It had been about fifteen months since movie theaters had shut down because of the pandemic on March 15, 2020. There were even rumors that the AMC movie chain would be filing Chapter 11 and going out of business. Thus, I was anxious to return to the theater experience I had missed for over a year. Meanwhile, a sort of post-pandemic blockbuster release was all set for July 9th and I was raring to go. Black Widow features two of my favorite actors, Scarlett Johansson and Rachel Weisz and the release became the highest grossing pandemic film that weekend coveting a total of $345 million worldwide.
Ever since seeing Age of Ultron back in 2015 with some friends, I was never a fan of the Marvel comics universe of films. I remember, my friends and I walking out of the AMC Kips Bay in Manhattan asking ourselves, "So, what was that movie all about." These productions tend to have a lot of action but very little story and thought-provoking commentary. And after all, great films are about great story-telling. But Black Widow was different. Thank goodness, it didn't begin with the stereotypical action-packed opening scene. Instead, a young Natasha Romanoff and her sister Yelena are whisked away with their parents by plane escaping some sort of capture. We learn later that mom and dad are not their real parents nor are they real sisters but a imposter family of Russian agents on mission. Having completed their mission, the young girls are taken away and put into training to become black widows with Johansson as the grown-up Natasha and Florence Pugh as grown-up Yelena. This film has a story that is at least understandable and engaging. I think one of the best lines is when Yelena reflects on her young life in her phony family and says "But it was real to me!" Pugh's performance was impressive; Johansson's was not bad, confusing at times because I didn't know how to interpret her often beguiling smile/smirk. The fight scene between the two of them was incredible.
Overall, Black Widow is a good film for its genre and worth seeing. In fact, I wouldn't mind seeing it again. I have to thank my friend Brian for letting me tag along with him and his sister for the AMC Prime experience at the Wayne theater opening weekend and for his explanations of the Marvel universe and sequence of films. My son, Jonathan, also filled me in and had me watch Captain America: Winter Soldier and Captain America: Civil War at home on Disney Plus. Not exactly, my favorite types of films to watch, not very profound nor thought-provoking. But then I realized, "Hey, it's just entertainment." And the kind we need for a semi-post-pandemic world.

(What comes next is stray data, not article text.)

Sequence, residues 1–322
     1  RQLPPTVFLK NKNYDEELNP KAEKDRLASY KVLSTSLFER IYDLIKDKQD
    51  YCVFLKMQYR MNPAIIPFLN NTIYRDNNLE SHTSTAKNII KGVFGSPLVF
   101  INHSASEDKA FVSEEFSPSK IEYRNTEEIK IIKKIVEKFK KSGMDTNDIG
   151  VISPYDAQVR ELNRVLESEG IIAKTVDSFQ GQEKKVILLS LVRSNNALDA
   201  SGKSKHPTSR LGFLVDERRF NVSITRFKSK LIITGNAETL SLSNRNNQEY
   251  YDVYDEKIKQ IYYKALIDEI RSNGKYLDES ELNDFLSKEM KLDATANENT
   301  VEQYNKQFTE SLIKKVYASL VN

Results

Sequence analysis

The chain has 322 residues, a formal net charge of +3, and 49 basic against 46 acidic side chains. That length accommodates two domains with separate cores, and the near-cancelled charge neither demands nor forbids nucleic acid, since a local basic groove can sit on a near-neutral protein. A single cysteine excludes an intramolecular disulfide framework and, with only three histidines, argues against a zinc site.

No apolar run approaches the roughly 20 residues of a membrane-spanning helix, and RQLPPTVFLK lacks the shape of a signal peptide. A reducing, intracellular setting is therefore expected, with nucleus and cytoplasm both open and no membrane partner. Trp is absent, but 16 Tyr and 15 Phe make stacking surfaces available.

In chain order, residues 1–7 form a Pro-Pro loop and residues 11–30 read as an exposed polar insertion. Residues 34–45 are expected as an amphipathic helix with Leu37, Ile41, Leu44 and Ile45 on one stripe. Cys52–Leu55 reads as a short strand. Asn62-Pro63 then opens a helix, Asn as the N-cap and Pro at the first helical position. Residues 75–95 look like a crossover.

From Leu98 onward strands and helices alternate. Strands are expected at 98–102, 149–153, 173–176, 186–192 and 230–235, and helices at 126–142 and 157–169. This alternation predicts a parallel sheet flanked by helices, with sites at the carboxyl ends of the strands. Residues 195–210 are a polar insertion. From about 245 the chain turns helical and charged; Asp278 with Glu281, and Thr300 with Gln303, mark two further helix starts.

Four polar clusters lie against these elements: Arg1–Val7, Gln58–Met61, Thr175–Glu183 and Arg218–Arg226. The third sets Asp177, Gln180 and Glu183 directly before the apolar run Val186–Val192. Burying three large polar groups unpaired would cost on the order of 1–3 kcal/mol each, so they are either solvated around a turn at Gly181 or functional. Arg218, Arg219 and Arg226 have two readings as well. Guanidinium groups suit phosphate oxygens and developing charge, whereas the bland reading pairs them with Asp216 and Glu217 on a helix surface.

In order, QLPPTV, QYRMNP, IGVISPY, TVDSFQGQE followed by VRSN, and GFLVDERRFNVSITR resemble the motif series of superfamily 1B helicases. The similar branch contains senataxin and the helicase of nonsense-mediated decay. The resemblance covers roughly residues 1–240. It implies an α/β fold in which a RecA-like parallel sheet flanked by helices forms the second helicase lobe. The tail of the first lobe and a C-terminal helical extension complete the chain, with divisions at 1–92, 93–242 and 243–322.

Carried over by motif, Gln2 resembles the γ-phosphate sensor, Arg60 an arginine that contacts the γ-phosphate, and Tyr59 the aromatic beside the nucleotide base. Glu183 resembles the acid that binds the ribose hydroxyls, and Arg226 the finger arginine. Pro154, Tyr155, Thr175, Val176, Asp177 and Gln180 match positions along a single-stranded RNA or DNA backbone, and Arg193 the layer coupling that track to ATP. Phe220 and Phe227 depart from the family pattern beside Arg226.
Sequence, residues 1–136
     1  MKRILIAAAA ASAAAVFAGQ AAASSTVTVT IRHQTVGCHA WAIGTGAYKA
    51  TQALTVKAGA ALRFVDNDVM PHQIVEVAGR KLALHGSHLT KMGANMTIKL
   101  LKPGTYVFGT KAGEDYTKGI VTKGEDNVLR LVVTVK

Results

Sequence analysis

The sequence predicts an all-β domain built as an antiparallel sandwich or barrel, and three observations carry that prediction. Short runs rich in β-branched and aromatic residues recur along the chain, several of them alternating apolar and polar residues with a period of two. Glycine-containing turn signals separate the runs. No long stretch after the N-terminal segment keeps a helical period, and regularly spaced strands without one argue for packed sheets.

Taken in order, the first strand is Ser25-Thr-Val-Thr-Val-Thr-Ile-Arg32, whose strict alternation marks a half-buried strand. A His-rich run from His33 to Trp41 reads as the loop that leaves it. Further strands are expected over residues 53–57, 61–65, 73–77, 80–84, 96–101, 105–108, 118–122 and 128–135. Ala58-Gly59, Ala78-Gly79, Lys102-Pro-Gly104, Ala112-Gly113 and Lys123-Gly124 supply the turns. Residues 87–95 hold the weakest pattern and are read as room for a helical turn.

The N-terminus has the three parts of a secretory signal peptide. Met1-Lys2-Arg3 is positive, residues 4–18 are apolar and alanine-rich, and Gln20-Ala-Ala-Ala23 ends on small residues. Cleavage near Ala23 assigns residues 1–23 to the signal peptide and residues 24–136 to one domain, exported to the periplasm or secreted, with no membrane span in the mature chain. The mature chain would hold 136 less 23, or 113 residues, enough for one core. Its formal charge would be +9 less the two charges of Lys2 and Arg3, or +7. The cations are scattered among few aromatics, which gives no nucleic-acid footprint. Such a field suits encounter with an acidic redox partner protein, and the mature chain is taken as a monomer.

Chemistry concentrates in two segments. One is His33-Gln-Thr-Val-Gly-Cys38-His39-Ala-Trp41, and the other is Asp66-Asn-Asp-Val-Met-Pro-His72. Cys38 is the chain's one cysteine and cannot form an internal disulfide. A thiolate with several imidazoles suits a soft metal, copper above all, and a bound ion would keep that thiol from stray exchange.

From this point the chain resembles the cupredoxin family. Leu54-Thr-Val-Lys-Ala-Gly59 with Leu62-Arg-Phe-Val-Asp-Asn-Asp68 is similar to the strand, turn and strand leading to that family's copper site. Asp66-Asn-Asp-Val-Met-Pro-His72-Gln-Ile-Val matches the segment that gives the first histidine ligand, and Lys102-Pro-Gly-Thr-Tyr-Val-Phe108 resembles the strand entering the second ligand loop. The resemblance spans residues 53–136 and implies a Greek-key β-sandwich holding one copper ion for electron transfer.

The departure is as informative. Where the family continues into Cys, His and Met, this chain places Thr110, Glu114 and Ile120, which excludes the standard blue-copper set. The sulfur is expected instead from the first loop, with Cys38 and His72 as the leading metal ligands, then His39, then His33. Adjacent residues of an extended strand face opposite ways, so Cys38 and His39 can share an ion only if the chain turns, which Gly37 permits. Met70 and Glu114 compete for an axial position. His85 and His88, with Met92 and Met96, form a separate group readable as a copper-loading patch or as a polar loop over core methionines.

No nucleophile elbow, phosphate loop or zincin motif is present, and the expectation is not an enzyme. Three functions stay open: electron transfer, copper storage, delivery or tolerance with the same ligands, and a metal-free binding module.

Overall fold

Earlier this year around February, I had heard a lot of intriguing buzz around this film by another Korean director in another Korean language film. I was still quite enamored by Bong Joon-ho's Parasite (2019) and had even recently attended a discussion group about the film sponsored by my university. So (perhaps unfairly), I was looking forward to another masterpiece by another Asian director. Parasite in my opinion is worthy of five stars plus.
Minari is indeed a beautiful and touching film revolving around the hopes, dreams and struggles of a Korean couple trying to make it in heartland America. It contains powerful performances by the main characters Jacob (played by Steven Yeun) and Monica (Han Ye-ri). The grandma Soon-ja (played by Youn Yuh-jung) won the Oscar for best supporting actress at the 93rd Academy Awards on April 25th. The director is Lee Isaac Chung. The film won the Golden Globe Award for Best Foreign Language Film and was nominated for six academy awards.
The film is set in the 1980s. Jacob and Monica Yi move from California to rural Arkansas to start a new life on land they purchased to grow Korean vegetables. The story line is engaging as subplots revolve around their son David's heart condition, their adjustment to rural America as Korean immigrants, David's relationship to grandma newly arrived from Korea to help out and their struggles to make the farm work. But the heart of the film is the relationship between Jacob and Monica, husband and wife. Director Chung excavates a common but sensitive area of married life: a husband's dream of success and a wife's abandonment of that dream and what that means for the marriage. Thus, Minari contains some of the best and most authentic fight scenes I've ever witnessed on film between a husband and wife. I thought Han Ye-ri as Monica was worthy of an Oscar. Other performances all around were powerful and engaging.
Probably the biggest drawback of the film for me was a sense of ambiguity or the film could have been clearer and more poignant. When the barn catches fire and Monica rushes in to save the produce is that because she now believes in Jacob's dream? When Jacob saves her from the fire, does that now mean he realizes his love for her is the most important thing in his life? When little David runs after grandma at the end when he shouldn't be running because of his heart, we get the turnabout of his affections but it seems to come off a little flat. I noticed too that there is very little development in the parent's relationship to their daughter. She is almost invisible. Either there is just too little development in some parts of the film or it is just too subtle for me (and American audiences). My son remarked at the end, "Dad, why did you make us watch this movie? Nothing good happens in it!"
Nevertheless, Minari is a good to very good film to watch. If I could, I might give it four and a half stars. It includes very strong performances, an engaging story line and a subtle but positive ending. I recommend it.
For a taste, check out the video below.
Milton's observations on life, faith and the contemporary.